Q: What is the difference between monoclonal and polyclonal antibodies? A: Monoclonal antibodies are produced by identical immune cells that are clones of a single parent cell. Polyclonal antibodies, on the other hand, are produced by multiple immune cells that are capable of recognizing different epitopes on the same antigen.

Q: What is the significance of monoclonal antibodies in laboratory research? A: Monoclonal antibodies are valuable tools in laboratory research due to their specificity and reproducibility. They can be used for various applications including detection and purification of specific molecules, targeting specific cells or tissues, and in the development of diagnostic and therapeutic agents.

Q: What are the different methods for producing monoclonal antibodies? A: The three most common methods for producing monoclonal antibodies are hybridoma technology, phage display, and transgenic animal technology.

Q: What is hybridoma technology and how is it used to produce monoclonal antibodies? A: Hybridoma technology involves the fusion of antibody-producing B cells with immortalized myeloma cells to create hybridoma cells that produce monoclonal antibodies. These monoclonal antibodies can then be purified and used for laboratory applications.

Q: What is phage display and how is it used to produce monoclonal antibodies? A: Phage display is a technique that involves the genetic engineering of bacteriophages to display antibody fragments on their surfaces. These antibody fragments can then be screened for binding to specific targets and used for laboratory applications.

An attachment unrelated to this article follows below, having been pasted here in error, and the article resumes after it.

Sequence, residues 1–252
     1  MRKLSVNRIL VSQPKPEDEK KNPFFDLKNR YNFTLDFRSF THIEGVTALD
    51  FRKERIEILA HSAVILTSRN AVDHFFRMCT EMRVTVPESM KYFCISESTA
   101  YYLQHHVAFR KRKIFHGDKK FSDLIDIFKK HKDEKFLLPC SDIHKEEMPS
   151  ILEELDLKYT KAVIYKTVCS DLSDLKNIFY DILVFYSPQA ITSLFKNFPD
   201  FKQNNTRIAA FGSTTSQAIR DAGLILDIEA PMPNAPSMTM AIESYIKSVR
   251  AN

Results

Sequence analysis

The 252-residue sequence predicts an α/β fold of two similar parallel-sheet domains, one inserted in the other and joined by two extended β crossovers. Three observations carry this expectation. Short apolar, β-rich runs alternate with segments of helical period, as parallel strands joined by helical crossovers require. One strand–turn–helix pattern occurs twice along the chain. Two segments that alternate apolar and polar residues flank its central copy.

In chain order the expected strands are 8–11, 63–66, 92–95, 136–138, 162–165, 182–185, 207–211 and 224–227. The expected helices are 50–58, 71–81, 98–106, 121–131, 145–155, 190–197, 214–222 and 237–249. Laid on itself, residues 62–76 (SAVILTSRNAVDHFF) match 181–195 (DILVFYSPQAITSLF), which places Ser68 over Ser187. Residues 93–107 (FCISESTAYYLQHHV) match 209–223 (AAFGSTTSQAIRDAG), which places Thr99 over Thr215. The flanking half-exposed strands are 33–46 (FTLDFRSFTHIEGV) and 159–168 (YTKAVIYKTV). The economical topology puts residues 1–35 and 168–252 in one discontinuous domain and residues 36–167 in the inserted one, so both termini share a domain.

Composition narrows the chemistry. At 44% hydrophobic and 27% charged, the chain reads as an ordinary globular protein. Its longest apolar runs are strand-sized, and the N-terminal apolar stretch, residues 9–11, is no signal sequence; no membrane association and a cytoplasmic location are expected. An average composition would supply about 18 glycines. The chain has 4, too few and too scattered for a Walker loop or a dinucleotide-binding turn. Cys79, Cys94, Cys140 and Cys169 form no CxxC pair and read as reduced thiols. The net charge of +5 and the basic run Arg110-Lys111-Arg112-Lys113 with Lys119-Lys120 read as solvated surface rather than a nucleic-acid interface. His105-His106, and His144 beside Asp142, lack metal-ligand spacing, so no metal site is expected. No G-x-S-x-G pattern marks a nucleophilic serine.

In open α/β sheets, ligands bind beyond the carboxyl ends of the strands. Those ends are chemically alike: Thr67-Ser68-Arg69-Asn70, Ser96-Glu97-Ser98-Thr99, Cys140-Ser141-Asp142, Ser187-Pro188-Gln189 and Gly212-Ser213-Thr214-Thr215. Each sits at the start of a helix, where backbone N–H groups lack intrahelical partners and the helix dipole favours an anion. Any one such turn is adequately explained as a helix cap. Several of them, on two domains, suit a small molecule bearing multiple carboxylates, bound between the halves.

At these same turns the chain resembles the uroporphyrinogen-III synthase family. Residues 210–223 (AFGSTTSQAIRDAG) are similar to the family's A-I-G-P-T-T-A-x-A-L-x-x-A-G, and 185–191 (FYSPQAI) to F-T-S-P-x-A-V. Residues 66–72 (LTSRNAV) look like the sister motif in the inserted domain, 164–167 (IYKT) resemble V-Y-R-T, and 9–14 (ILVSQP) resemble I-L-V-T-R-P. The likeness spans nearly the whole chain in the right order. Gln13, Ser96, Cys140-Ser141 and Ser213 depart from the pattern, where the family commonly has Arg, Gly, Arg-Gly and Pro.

Q: What is transgenic animal technology and how is it used to produce monoclonal antibodies? A: Transgenic animal technology involves the genetic modification of animals, such as mice, to produce human antibodies. These animals can then be used to produce monoclonal antibodies that are human in origin and have potential applications in the development of therapeutics.

Q: What is antibody-drug conjugate (ADC) technology? A: ADC technology involves the conjugation of monoclonal antibodies with cytotoxic drugs to create targeted therapeutic agents. The monoclonal antibody targets a specific antigen on a cell surface, while the cytotoxic drug kills the cell upon binding to the antibody.

Q: What is the significance of ADC technology in laboratory research? A: ADC technology has the potential to revolutionize the treatment of diseases such as cancer by providing targeted therapies that minimize damage to healthy tissues. In laboratory research, ADCs can be used to study specific cell types or to develop new therapeutic agents.